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Aug/16

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Paul Collier on practicing great data and evaluation habits – Part 2

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Hello again!  Paul Collier here.  Yesterday, I shared several resources that helped me create repeatable data and evaluation processes at SFCAPC Today I’d like to share with you six of the specific habits I followed to manage our “data” function, develop our Efforts to Outcomes database, and provide consistent value to our staff.

Lessons Learned:

  1. Keep a reporting calendar: Organizations are often required to submit detailed program participant and activity uploads for certain government contracts. I created a comprehensive calendar of when to submit these uploads and who needed to review the data before it uploaded.
  2. Define data integrity controls: Data integrity controls minimize the risk that information in a database is incorrect. For example, we scrubbed our database of test data monthly and audited a sample of new families to verify the accuracy of data entry each quarter. We summarized data integrity controls in a spreadsheet outlining each procedure, information source, performer, reviewer, and results.
  3. Review dashboards: The first week of each month, I sent a performance dashboard to each of the program managers. Managers discussed these metrics with their teams. Then they shared explanations for variances and any action items they were going to take at the manager’s meeting the following week.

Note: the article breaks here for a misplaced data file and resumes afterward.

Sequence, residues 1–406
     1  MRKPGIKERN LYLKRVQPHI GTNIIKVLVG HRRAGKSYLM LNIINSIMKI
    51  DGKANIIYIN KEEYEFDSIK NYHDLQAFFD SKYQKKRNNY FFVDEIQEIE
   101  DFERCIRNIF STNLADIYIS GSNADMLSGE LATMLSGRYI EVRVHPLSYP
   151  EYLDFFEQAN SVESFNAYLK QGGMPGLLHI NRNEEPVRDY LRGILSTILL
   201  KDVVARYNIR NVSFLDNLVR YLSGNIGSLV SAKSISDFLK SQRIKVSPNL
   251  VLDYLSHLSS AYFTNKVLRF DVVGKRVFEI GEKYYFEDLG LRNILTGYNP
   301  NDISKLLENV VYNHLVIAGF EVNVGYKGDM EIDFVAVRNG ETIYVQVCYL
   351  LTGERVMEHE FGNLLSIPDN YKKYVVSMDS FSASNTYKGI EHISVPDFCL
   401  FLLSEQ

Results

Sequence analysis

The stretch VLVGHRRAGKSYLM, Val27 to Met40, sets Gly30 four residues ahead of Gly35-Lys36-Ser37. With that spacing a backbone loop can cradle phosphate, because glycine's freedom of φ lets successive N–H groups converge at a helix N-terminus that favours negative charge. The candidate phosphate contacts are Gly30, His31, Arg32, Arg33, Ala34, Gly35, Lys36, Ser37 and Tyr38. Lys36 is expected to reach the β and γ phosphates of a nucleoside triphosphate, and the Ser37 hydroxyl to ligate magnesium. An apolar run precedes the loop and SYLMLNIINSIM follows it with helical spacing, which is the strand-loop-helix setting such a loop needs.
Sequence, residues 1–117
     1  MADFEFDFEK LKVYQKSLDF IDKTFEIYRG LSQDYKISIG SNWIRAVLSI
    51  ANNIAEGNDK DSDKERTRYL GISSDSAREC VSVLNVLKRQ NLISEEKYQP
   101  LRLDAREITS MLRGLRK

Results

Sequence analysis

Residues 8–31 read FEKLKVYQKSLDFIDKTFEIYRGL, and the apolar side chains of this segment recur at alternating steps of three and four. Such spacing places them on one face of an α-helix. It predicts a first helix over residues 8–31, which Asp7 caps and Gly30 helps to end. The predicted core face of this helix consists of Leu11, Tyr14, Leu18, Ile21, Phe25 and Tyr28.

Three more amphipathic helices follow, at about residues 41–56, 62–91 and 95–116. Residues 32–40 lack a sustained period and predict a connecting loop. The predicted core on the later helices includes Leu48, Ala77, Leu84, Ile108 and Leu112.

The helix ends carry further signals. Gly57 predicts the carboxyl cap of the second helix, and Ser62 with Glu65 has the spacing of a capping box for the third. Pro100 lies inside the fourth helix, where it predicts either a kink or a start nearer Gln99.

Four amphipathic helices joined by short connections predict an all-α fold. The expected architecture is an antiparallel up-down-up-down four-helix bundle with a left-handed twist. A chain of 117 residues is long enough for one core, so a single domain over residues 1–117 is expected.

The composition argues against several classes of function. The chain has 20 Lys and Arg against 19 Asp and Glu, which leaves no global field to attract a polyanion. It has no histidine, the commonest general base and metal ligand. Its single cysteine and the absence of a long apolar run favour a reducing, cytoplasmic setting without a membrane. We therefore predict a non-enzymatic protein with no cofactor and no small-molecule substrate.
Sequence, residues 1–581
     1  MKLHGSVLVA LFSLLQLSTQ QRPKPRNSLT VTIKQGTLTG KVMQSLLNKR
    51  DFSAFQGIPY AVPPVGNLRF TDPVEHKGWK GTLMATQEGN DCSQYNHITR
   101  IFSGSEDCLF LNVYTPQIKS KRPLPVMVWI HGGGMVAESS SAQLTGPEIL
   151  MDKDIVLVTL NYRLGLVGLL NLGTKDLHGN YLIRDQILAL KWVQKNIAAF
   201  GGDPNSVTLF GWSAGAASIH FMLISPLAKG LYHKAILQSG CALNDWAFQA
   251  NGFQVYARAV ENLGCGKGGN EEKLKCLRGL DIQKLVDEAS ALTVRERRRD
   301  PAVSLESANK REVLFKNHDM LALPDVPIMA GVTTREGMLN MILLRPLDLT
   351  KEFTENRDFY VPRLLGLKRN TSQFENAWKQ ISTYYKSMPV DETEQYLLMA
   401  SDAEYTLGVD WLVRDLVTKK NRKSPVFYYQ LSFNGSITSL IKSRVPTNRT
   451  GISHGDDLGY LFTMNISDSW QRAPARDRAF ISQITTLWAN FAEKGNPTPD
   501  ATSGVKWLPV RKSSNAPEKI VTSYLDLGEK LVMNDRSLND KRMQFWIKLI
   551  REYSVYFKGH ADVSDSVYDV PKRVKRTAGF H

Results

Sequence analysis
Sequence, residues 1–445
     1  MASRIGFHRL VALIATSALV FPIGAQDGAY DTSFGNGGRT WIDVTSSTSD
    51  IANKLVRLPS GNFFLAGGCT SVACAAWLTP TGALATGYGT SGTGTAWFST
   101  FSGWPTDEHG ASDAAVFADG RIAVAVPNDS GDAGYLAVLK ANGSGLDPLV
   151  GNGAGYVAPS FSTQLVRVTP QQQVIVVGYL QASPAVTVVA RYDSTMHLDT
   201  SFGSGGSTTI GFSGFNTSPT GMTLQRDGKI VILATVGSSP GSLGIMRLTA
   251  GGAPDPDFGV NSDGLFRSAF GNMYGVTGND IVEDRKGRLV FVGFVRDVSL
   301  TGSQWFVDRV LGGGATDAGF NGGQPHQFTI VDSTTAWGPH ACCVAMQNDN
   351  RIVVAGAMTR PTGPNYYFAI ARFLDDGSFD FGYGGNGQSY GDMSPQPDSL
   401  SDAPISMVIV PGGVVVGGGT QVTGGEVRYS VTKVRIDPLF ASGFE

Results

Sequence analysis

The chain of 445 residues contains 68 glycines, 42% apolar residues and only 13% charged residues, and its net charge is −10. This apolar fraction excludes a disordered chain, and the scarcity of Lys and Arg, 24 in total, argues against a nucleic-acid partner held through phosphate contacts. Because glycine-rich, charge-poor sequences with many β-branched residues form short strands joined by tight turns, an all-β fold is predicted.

4. Schedule time for troubleshooting and report development: To build staff buy-in I needed to be responsive to database troubleshooting and report development needs. I tracked time for these tasks and blocked out time for them weekly. In an average week, I spent 2-10 hours troubleshooting and training, and 5-15 hours developing self-service reports staff could use to access program data themselves.
  5. Automate annual development data pulls: A significant “data” responsibility was pulling data for our development team, including demographics and unduplicated client counts. Working with our development team, I developed a self-service report designed to answer 80% of their “stats” asks, saving everyone time.
  6. Have a data analysis process: Stakeholders across our organization came to me with many good questions to explore in our data which I just didn’t have time to answer. I created a master tracker of these questions and set aside several weeks each year to explore those that were most critical. This “Annual Data Analysis” process set expectations and created a process to focus our limited analysis time.

These habits helped us save time, set expectations, and create lasting systems. They’re far from complete, but allow SFCAPC to manage our internal data & evaluation work.

What are the data & evaluation habits you’ve found valuable at your organization?

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